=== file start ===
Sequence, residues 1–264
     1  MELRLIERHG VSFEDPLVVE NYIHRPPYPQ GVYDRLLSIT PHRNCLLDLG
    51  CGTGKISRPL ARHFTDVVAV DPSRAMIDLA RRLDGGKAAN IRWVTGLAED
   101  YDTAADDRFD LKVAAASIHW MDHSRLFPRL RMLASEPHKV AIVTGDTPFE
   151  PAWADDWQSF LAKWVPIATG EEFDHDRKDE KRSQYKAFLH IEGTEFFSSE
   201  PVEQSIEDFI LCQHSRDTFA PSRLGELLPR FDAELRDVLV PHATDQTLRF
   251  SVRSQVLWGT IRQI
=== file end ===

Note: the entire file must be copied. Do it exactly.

Sequence, residues 1–264
     1  MELRLIERHG VSFEDPLVVE NYIHRPPYPQ GVYDRLLSIT PHRNCLLDLG
    51  CGTGKISRPL ARHFTDVVAV DPSRAMIDLA RRLDGGKAAN IRWVTGLAED
   101  YDTAADDRFD LKVAAASIHW MDHSRLFPRL RMLASEPHKV AIVTGDTPFE
   151  PAWADDWQSF LAKWVPIATG EEFDHDRKDE KRSQYKAFLH IEGTEFFSSE
   201  PVEQSIEDFI LCQHSRDTFA PSRLGELLPR FDAELRDVLV PHATDQTLRF
   251  SVRSQVLWGT IRQI